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Duct Acoustics

  • Fridolin P. Mechel

Abstract

This chapter deals with sound propagation in ducts. It begins with hard and smooth ducts, in which viscous and thermal losses at the walls are taken into account; this is important in narrow ducts (capillaries). The remainder deals with lined ducts of different cross sections and different linings. Sometimes the duct is assumed to be infinitely long, sometimes it has a finite length, but is still long enough to neglect reflections from the duct exit at the duct entrance. This assumption makes the contents of this chapter different from the contents of the chapter “K. Acoustic Mufflers”, where the reflections at both ends of duct sections play a dominant role. A section at the end of this chapter will discuss the influence of flow on sound attenuation in lined ducts in an approximation which is precise enough for most technical applications. A more sophisticated discussion of the influence of flow will be given in the chapter “N. Flow Acoustics”.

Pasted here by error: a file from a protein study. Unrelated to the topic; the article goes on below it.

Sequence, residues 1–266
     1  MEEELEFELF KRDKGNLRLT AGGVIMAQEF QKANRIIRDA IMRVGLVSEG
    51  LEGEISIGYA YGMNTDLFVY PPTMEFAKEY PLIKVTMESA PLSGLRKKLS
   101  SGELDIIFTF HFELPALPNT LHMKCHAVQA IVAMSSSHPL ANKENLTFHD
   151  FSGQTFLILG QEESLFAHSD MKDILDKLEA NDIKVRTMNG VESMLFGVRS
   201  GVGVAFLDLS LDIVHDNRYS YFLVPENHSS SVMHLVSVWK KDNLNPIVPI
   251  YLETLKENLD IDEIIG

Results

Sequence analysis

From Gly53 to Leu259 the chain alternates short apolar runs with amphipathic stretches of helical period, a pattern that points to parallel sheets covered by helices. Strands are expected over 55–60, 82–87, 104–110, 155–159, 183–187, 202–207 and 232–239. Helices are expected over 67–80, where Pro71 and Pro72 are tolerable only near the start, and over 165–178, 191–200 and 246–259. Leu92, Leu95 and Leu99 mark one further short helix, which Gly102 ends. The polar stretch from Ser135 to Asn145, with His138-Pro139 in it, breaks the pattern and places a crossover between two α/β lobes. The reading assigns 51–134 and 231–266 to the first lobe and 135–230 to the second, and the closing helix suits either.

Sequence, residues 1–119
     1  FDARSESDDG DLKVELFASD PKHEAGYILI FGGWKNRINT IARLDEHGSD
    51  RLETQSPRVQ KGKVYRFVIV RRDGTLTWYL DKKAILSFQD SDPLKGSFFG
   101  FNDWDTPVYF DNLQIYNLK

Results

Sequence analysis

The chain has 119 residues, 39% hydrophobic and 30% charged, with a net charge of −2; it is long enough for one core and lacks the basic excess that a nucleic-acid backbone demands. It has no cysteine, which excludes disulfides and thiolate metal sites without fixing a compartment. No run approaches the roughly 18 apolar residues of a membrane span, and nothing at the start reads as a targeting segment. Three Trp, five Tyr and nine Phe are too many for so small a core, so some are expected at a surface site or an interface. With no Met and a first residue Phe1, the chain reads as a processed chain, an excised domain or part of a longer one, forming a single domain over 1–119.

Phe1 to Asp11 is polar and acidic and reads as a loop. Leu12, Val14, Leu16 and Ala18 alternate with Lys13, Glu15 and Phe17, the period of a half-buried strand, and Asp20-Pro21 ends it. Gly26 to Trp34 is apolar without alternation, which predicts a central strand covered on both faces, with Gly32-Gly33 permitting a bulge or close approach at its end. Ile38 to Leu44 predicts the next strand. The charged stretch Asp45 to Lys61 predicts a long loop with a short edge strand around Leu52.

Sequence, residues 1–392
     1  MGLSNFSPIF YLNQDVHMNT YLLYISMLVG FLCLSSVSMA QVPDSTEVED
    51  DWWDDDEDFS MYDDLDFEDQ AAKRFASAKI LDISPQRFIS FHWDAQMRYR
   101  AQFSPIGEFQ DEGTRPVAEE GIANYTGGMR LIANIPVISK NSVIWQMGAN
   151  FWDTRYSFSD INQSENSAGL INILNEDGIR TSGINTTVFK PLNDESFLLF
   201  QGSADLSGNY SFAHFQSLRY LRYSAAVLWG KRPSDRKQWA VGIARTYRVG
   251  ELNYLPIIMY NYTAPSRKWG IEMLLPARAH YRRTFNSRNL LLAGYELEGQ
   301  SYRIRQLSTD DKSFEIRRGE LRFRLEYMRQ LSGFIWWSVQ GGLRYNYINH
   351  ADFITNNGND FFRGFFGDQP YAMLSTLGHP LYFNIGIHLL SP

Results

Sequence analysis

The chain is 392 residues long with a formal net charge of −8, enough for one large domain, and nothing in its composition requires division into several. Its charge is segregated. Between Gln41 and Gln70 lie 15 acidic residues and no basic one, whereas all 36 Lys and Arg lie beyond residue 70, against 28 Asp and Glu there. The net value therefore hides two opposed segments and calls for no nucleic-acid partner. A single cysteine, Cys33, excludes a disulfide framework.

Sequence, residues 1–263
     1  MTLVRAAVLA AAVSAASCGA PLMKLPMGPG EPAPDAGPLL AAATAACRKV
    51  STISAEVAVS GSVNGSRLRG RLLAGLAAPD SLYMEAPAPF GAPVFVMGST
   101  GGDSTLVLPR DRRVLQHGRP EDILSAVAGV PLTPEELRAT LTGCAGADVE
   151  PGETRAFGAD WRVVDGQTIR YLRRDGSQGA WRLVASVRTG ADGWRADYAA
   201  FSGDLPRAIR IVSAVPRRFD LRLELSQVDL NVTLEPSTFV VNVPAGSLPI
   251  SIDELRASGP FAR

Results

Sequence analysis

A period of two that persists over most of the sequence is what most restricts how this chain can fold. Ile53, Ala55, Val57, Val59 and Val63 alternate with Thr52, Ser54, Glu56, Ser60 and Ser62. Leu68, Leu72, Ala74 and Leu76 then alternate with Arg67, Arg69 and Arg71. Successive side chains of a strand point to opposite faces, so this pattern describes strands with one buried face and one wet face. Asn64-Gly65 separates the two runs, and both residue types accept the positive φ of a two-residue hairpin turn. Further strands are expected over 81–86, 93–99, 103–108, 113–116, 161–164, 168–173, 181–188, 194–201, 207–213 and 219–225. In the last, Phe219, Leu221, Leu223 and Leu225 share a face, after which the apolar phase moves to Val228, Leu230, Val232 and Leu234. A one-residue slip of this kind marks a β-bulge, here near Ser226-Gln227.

Keywords

Branch Point Sound Pressure Level Sound Field Symmetrical Mode Main Duct 
These keywords were added by machine and not by the authors. This process is experimental and the keywords may be updated as the learning algorithm improves.

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References to part J: Duct Acoustics

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    Mechel, F.P. “Schallabsorber”, Vol. II, Chapter 10: “Sound in capillaries” S.Hirzel Verlag, Stuttgart, 1995Google Scholar
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    Mechel, F.P. “Schallabsorber”, Vol. III, Chapter 26: “Rectangular duct with local lining” S.Hirzel Verlag, Stuttgart, 1998Google Scholar
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Copyright information

© Springer-Verlag Berlin Heidelberg 2004

Authors and Affiliations

  • Fridolin P. Mechel
    • 1
  1. 1.GrafenauGermany

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